6. SteveL says:

    @Chris: one bus each direction every 5 minutes, so one bus passing any single point every 2.5 min. Most of these buses will just be diverted off fishponds road, there to make up the numbers rather than actually increase passenger bus traffic.

    @MetallicRed. It is the West of England Partnership that is behind the plans, though things are blurred as often it is the Bristol Council press office issuing statements on behalf of the WoEP. The plans were put under way before the Labour Party came into power; they inherited the mess. Question is, will they back off, or will they embrace the mess and turn it into a disaster? We need to convince every councillor to vote against it.

  7. redzone says:

    i doubt any of the clips will make the bafta nominations!!!
    the information provided is nothing that we, the users of the cycle path don’t already know.
    i’m sure they really do care, but its just two clips to enhance political profiles of those involved.

  8. Paul Smith says:

    Metallicred “It seems that everyone involved in the Bristol political scene is keen to disown the proposal!”

    One would hope so, the plans are currently drifting in a virtual world of consultants, partnerships and council officers. I am not aware of any ‘political’ meeting that has endorsed these plans and that is how we want it to stay. The campaign includes people from across the political spectrum and from outside of it.

  9. Paul Smith says:


    I am a path user too

  10. Teach says:

    This comment is way off message, but has a tenuous link because of the ‘Movies’ reference in the title. Oh, and stupid council proposals!

    Our council may be inept, but at least we are not (yet) having to put up with a council that are supporting the call for all films with smoking scenes to have an 18 rating. That accolade has come from Liverpool, the CITY OF CULTURE no less. I bet that idea wasn’t in their application. How could Andrew Kelly have missed that one – it’s so obvious.

    If we thought Bristol’s council takes us for fools, then spare a thought for Liverpool’s citizens, whose leaders take them for even bigger imbeciles who can’t think for themselves.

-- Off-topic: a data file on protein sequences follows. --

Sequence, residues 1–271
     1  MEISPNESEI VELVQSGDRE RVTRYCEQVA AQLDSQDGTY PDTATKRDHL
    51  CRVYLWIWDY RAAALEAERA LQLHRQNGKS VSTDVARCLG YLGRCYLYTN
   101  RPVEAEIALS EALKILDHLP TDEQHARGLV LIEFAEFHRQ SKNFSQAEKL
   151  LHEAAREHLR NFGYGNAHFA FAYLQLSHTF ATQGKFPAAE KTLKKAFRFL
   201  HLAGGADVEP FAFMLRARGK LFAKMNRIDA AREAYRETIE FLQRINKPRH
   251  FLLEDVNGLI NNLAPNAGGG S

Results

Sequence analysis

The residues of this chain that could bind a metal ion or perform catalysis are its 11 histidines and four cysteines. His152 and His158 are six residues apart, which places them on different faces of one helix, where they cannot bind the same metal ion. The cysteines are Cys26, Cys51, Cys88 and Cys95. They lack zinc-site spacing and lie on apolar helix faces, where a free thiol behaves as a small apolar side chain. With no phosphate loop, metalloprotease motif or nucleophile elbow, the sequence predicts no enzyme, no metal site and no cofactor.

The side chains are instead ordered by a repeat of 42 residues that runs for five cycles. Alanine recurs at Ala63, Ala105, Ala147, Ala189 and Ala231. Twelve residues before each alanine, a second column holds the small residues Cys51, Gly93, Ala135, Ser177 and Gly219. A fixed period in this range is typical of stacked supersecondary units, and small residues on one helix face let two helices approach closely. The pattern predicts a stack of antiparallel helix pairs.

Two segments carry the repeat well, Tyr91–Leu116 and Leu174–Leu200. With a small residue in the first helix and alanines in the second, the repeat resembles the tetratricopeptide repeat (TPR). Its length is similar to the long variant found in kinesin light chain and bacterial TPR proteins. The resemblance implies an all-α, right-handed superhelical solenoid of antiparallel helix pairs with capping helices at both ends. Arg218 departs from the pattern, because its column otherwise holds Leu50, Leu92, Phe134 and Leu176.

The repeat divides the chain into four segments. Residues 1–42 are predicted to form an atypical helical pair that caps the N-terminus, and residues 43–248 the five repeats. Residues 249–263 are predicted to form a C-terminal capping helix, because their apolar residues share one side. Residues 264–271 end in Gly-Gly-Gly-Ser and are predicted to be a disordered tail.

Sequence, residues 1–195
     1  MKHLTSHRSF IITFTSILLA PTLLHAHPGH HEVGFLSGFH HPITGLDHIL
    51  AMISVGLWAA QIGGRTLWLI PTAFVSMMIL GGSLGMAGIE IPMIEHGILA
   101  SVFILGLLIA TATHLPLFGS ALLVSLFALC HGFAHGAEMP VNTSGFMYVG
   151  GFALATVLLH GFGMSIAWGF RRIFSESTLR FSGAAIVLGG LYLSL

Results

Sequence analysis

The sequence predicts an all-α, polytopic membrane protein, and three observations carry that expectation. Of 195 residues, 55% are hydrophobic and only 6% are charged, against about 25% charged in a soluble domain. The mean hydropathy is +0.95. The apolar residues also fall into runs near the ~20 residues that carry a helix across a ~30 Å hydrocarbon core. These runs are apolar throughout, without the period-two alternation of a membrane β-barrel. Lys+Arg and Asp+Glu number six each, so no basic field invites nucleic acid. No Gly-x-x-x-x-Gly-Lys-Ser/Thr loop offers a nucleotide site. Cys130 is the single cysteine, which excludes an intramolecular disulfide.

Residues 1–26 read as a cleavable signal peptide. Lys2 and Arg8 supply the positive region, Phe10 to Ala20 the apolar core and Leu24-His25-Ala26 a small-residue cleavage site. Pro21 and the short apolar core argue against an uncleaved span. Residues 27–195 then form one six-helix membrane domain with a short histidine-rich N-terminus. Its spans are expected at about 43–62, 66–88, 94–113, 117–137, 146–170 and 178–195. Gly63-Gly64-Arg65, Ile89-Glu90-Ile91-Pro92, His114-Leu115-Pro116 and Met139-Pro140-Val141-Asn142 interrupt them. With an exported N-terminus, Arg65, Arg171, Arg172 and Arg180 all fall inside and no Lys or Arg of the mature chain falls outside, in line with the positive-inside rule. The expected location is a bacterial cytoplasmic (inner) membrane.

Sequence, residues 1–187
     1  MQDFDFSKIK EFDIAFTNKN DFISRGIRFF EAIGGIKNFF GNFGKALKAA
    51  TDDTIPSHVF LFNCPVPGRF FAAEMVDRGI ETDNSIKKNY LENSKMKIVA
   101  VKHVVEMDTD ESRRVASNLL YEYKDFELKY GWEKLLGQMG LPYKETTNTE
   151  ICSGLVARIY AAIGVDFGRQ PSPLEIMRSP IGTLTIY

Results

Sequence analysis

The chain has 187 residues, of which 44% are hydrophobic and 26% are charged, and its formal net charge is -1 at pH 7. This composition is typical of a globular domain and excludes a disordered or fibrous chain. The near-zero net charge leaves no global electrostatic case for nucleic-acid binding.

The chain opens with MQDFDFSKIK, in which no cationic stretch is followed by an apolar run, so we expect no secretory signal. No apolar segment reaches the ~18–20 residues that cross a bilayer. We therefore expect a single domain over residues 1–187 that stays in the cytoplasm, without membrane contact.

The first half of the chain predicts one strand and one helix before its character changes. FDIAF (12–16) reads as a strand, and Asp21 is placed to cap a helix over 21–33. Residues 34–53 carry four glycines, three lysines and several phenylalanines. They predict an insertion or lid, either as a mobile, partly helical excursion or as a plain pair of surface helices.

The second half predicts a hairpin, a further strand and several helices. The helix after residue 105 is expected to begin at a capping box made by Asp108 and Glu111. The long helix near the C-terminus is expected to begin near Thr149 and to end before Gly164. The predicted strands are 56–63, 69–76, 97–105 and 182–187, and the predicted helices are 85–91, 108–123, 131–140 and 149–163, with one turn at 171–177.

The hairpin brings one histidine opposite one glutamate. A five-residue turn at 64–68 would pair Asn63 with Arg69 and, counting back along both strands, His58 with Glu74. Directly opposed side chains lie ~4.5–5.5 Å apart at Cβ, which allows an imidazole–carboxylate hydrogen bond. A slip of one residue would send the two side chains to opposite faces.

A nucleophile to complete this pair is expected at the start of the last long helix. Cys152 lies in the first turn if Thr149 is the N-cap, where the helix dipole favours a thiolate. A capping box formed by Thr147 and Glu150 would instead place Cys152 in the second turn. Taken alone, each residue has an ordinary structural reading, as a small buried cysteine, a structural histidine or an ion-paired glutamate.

2008 – The Year Culture Died.

  11. redzone says:

    you may well be a user of the path mr smith, but as you are & have been a member of the labour party & of our gloriously inept council for a number of years, much of what you say & do will only be seen as political point scoring.
    that is only my opinion of course!

  12. Chris Hutt says:

    Redzone, I don’t think you’re being fair on Paul Smith. He was one of the first politicians to come out against the BRT route proposals and is doing more than most to help our campaign to save the Railway Path. We are grateful for his support, irrespective of what Political Party he is a member of.

  13. redzone says:

    it’s nothing personal chris i can assure you.
    this plan IS a labour led council one, it should never have even seen the light of day as a viable solution.

    so, does that mean that the local labour party members are not in tune with each other & do they not discuss important issues as a team before deciding to go public?

    i am not only making an issue with labour, the tories & lib dems on the council are just as bad.

    decisions made the by bristol city council & their unelected quangos have taken our city backwards over the past 10 years or more.
    i have little faith that things will improve until there is a different approach & some new faces at the council house that are not recycled from the failures of past years.

  14. Paul Smith says:

    “as you are & have been a member of the labour party & of our gloriously inept council for a number of years”